Thomas Tuchel’s summer transfer decision that is already paying off for Chelsea


For many, when Callum Hudson-Odoi was denied a move away from Chelsea towards the end of the summer transfer window, it was easy to be concerned.

It wasn’t until after window was firmly shut that the young winger made his first Premier League start of the season in a win over Aston Villa. The 21-year-old, who garnered interest from Borussia Dortmund and Leicester City at the end of August, had to settle for an outing as a wing-back.

It was unsurprising since Thomas Tuchel opted to use Hudson-Odoi in the role during his very first match with the Blues, but it was no doubt a source of frustration for fans who had grown to love the player for his fearless dribbling.

Tuchel clearly regarded the winger as crucial to his squad however.

Speaking in September Tuchel said: “We have spoken. It was a very easy decision for me to make on the last day of the transfer period. We cannot let a player [leave] who is in the 18/19 man squad. He is able to play as a right wing-back, a left wing-back in the two ten positions. He knows the group, we know him very well. There was no chance to say yes on the last day.

“For him personally it may have been a good opportunity but for us and our targets that we want to achieve, it was simply impossible. It was an easy one for me actually.

“Callum has to overcome the gap between training and games. I see a stronger Callum every day in training and he needs to overcome this gap and show this kind of determination that he shows in training.

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“If he gets minutes, it’s never a gift. Nobody gets gifts because we take maybe sometimes hard decisions like for Callum not to let him go. He needs to deserve it. I know it’s not his favourite position but I think he can play this position and serve the team when it’s necessary. Today it was necessary and still he can do better. Still he can be more aggressive, still he needs to push himself absolutely to the limits.”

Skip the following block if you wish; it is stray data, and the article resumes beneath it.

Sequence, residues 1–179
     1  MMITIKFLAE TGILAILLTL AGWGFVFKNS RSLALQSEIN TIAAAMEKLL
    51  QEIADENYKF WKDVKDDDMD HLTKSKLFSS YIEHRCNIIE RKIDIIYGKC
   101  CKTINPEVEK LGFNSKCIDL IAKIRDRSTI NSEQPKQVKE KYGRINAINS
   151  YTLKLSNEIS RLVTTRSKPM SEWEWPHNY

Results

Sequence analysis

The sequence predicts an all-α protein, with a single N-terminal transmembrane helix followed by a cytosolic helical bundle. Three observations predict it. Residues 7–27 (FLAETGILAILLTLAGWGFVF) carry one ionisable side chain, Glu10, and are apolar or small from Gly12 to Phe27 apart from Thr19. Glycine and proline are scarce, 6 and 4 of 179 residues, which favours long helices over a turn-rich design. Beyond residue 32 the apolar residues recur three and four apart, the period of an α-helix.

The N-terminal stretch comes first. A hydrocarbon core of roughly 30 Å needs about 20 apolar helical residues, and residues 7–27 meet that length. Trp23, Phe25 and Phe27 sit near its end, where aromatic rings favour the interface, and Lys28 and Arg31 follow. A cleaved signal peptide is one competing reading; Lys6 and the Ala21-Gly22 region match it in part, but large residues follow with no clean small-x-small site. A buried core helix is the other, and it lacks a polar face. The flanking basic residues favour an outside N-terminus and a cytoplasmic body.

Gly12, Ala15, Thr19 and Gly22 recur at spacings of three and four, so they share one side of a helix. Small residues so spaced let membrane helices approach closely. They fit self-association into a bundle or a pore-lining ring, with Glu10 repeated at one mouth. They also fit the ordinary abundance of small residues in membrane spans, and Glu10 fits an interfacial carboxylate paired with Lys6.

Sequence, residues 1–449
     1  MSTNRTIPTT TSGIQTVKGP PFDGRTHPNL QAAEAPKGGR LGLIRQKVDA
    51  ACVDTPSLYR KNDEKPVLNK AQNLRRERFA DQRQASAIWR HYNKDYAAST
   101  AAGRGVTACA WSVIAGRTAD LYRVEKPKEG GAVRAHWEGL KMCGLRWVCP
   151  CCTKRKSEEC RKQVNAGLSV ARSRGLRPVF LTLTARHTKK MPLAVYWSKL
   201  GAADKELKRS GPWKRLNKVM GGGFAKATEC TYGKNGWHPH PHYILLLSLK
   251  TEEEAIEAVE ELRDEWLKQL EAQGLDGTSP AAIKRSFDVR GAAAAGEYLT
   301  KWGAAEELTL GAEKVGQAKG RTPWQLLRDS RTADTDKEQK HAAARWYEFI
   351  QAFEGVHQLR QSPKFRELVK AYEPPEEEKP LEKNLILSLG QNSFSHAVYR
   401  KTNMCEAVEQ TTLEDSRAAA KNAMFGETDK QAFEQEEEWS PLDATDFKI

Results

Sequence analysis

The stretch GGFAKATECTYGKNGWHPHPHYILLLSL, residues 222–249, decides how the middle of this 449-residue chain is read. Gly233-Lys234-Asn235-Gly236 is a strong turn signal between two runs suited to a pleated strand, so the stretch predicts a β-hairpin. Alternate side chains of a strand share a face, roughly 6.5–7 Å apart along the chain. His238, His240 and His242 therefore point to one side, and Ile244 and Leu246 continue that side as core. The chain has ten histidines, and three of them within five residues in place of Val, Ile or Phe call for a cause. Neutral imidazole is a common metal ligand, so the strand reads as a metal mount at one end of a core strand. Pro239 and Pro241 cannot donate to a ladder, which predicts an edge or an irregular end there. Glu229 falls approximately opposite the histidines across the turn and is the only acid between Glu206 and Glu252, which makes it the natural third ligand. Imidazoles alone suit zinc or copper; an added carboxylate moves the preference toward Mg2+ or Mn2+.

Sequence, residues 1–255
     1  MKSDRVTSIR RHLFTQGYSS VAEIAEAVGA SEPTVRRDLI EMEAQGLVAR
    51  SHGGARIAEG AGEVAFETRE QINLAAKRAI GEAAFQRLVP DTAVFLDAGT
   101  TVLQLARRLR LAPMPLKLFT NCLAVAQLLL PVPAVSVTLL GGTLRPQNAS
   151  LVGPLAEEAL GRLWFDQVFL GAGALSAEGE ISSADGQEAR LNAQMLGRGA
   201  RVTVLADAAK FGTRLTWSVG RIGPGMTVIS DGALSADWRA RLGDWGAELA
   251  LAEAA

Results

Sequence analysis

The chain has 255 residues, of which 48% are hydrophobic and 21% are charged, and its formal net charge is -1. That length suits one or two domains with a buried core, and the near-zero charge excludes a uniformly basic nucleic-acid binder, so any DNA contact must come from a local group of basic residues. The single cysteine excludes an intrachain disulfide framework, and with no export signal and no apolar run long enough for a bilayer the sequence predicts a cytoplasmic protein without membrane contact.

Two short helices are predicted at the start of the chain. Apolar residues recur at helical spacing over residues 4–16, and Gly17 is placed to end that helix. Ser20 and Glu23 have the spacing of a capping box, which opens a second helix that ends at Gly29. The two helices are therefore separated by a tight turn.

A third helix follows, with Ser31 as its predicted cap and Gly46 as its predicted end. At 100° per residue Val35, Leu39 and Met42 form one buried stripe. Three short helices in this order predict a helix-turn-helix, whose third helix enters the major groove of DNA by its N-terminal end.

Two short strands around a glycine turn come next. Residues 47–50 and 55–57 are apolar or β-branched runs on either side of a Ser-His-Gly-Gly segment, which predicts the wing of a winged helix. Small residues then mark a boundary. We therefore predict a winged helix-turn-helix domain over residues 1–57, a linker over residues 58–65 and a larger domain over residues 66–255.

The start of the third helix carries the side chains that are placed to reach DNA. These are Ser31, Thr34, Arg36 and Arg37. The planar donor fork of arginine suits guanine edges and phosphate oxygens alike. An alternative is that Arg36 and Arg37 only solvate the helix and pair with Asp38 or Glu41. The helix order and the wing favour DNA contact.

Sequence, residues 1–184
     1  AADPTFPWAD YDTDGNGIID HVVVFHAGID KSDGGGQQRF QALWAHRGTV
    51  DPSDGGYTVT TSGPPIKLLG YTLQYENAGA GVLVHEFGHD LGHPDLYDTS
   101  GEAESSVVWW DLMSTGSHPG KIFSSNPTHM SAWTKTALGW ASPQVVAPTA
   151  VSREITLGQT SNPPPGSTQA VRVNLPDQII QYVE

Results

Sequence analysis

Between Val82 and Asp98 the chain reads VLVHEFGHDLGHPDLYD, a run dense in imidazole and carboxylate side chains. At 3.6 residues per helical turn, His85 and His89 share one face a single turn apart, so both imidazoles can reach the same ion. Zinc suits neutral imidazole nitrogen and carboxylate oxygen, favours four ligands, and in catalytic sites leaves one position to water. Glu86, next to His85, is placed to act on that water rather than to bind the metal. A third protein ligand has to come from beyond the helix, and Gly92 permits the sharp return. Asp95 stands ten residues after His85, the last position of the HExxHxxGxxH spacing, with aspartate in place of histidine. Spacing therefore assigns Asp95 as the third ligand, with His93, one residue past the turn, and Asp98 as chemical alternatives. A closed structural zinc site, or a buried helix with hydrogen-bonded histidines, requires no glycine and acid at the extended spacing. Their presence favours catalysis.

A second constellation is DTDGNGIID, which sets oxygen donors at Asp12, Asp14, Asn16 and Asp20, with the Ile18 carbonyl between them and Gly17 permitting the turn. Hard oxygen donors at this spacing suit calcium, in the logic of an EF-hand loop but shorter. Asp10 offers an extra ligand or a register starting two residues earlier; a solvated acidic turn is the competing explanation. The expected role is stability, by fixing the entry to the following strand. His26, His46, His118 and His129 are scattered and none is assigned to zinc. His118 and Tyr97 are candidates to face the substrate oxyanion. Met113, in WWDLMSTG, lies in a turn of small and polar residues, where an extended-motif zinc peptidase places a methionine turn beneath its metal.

As we approach the end of the next transfer window, a move for Hudson-Odoi has scarcely even been talked about, and the England international is picking up plaudits for his performances further up the pitch.

The academy product’s driving run allowed him to provide the assist for Hakim Ziyech’s wondergoal against Tottenham and also provided two assists against Villa on Boxing Day.

What is perhaps most telling is Tuchel’s willingness to play Hudson-Odoi further up the pitch however.

The youngster initially stepped away from wing-back when Reece James took back his spot in the position and thrived. But following the defender’s injury in December, Hudson-Odoi has only being used further forward with Christian Pulisic being the forward-thinking player to be moved into the position.

This could be a sign that Hudson-Odoi is producing the intensity and intelligence Tuchel spoke about earlier in the season. What the Wandsworth-born star learned from his time at wing-back perhaps providing the tools for the star to press from the front like the German coach demands.

He told the official Chelsea website: “I think it’s added more to my defensive side. Playing wing-back is more defensive-minded, so you have to judge when to lunge in for a tackle, not just recklessly going in, or making sure you’re in the right position when you’re covering for a team-mate, or if you’re one-on-one against an attacker you just have to make sure you stand your ground and show him outside or inside where there’s more bodies.

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“For myself it’s definitely added a defensive side to my game and it helps as well, especially if you’re playing higher up the pitch, for the pressing side and knowing how to defend from the front. So it’s definitely good.”

Unsurprisingly, Hudson-Odoi is enjoying his time playing further forwards.

He said: “I’d definitely say I prefer more-attacking positions for myself, as a winger or a No.10 kind of player.

“Obviously I like to be direct and try to create scoring opportunities for the team, hopefully try to score some myself. Playing in that position I’m more comfortable and I feel more free while playing there as well.

“So it’s definitely a nice position, to know that I can go out there, be myself, be free and try to create and score goals as well, but at the same time playing at wing-back is definitely more defensive. Your mentality is more about defending the goal than attacking the goal at times.

“In that position you always have to cover for somebody. For example, if the centre-back goes forward you have to cover in, just to make sure and be around. So it’s definitely a different position, definitely harder, so I’d say definitely an attacking position is what I prefer.”

Source by Football London

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